Thursday, February 14, 2013

British PM pledges to overhaul benefits system for immigrants

David Cameron has pledged to overhaul the benefits system for immigrants after disclosing that he believes the current system does not pass the “simple common sense test”.

The Prime Minister said he wants to limit immigrants' access to British public services to ensure that the UK is “not a soft touch”.

Mr Cameron has said that he wants to reform the system allowing immigrants access to housing, the health service, the justice system and benefits.

His comments came amid a growing debate about the numbers of new migrants preparing to come to the UK next year.

Twenty nine million Bulgarians and Romanians will gain the right to live and work unrestricted in Britain in 2014 under European “freedom of movement” rules.

The Prime Minister chaired a ministerial working group yesterday during which he questioned members of the Cabinet about ways to withhold some benefits from immigrants.

Speaking during Prime Minister’s Questions, Mr Cameron said the Government will look at “every single one of our systems” to ensure that so-called benefits tourists are not taking advantage.

“Britain has always been an open and welcoming economy but it isn't right if our systems are being abused and that is why I chaired yesterday a committee meeting in Whitehall,” Mr Cameron said. “We are going to look at every single one of our systems - housing, health and benefits - to make sure we are not a soft touch for those who want to come here.

“I think it is absolutely vital that we get this right. There are many parts of our current arrangements which simply don’t pass a simple common sense test in terms of access to housing, access to the health service, access to justice and other things which should be the right of all British citizens but they’re not the right of anyone who just chooses to come here.”

The Home Office has repeatedly refused to put any number on the anticipated arrivals from Bulgaria and Romania.

Ministers are concerned about releasing the research into the possible number of arrivals, which they believe will be compared with a prediction that only 13,000 would move to Britain from Poland and other eastern European countries after 2004.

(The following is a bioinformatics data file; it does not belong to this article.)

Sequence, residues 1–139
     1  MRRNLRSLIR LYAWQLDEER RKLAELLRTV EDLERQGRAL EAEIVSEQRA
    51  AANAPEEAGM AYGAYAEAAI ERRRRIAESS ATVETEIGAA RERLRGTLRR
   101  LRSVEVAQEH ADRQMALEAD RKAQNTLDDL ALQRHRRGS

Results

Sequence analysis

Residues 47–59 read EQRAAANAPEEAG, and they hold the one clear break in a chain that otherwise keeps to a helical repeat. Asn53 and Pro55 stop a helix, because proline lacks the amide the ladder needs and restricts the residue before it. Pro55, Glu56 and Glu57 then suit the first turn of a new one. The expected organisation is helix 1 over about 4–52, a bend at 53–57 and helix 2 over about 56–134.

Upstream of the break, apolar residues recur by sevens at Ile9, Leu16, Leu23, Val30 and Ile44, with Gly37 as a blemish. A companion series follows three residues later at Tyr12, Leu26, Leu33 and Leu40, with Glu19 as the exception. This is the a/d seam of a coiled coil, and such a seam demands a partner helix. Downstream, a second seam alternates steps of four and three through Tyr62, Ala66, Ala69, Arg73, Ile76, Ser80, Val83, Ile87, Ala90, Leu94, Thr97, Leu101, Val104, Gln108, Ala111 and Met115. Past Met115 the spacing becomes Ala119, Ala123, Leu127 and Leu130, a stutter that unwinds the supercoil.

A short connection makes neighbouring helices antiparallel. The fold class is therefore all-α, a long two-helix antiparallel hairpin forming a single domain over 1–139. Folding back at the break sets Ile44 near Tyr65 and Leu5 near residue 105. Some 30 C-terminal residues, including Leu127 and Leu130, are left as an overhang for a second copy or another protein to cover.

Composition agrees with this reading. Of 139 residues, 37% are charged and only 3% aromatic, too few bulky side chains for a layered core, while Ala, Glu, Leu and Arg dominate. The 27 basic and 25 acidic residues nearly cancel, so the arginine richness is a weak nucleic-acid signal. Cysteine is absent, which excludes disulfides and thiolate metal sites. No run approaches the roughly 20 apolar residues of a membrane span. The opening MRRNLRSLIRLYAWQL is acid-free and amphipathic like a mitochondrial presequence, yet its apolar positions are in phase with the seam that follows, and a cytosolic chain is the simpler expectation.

More than one million eastern Europeans then arrived in one of the biggest waves of immigration seen in the UK.

A report from MigrationWatch, a think tank, claimed that 50,000 people a year would arrive until 2019.


Indians welcome in Britain

There is “no limit” on the number of Indian nationals who can come to Britain to study and work, David Cameron has said.

The Prime Minister will next week visit India to tell prospective students that Britain will be “incredibly welcoming” to them if they come to this country to study and work.

Even as he promises voters to cap immigration and deter the arrival of people from countries like Bulgaria and Romania, Mr Cameron will use his trip to try to persuade more Indians to come to Britain.

University leaders and business groups say the Coalition’s tough rhetoric on immigration is harming Britain’s international competitiveness, concerns that are privately shared by some ministers.

Official figures earlier this year showed that the number of Indians studying at British universities fell by a quarter last year, to 30,000.

In an interview with India’s Sunrise TV before his trip, Mr Cameron said he wanted to make sure that Indians are not put off coming to the UK.

“The fact is today, as we stand, and this is going to be the case going forward, there is no limit on the number of students who can come from India to study at British universities, no limit at all,” he said.

“All you need is a basic English qualification and a place at a British university. And what’s more, after you’ve left a British university, if you can get a graduate-level job there is no limit to the amount of people who can stay and work, or the time that they can stay at work.”

The Coalition has set an annual cap on the number of non-Europeans who can come to work in the UK, and the Conservatives have promised to reduced net immigration to “tens of thousands” by the end of the Parliament.

Although there are annual limits on various groups of workers who are allowed into the UK, a change in the cap made last year means that there is no ceiling on the number of foreign graduates of British universities who can work here.

According to the Home Office, only foreign graduates earning at least £20,000 are permitted to stay in the UK. Officials insisted Mr Cameron’s words did not mark a change in that policy.

Some ministers privately worry that the Coalition has failed to explain its policies properly, something the Home Office has angrily denied.

However, Mr Cameron admitted that ministers have not been clear about immigration, saying: “I think we haven’t perhaps communicated this properly.”

He added: “Now we need to take that message out to talented young people in India and say if you want to make that choice, Britain will be incredibly welcoming. Of course we have to control immigration in all its forms, as any country would, but actually Britain’s got an amazing offer to make to students.

The Higher Education Statistics Authority says there were 29,900 Indian students in the UK in 2011/12, down from 39,090 the previous year.

Mr Cameron said: “We have 40,000 Indian students in Britain, I’m really proud of that, but the offer we’ve got – no limit on the numbers, no limit on how you can work in graduate jobs afterwards – I think is a great offer to make.”

The Prime Minister’s message to prospective Indian arrivals in the UK contrasts with his rhetoric on other would-be immigrants, particularly those from eastern Europe. Citizens of Romania and Bulgaria will be able to work freely in the UK next year, and some Conservatives fear a large influx of new workers.


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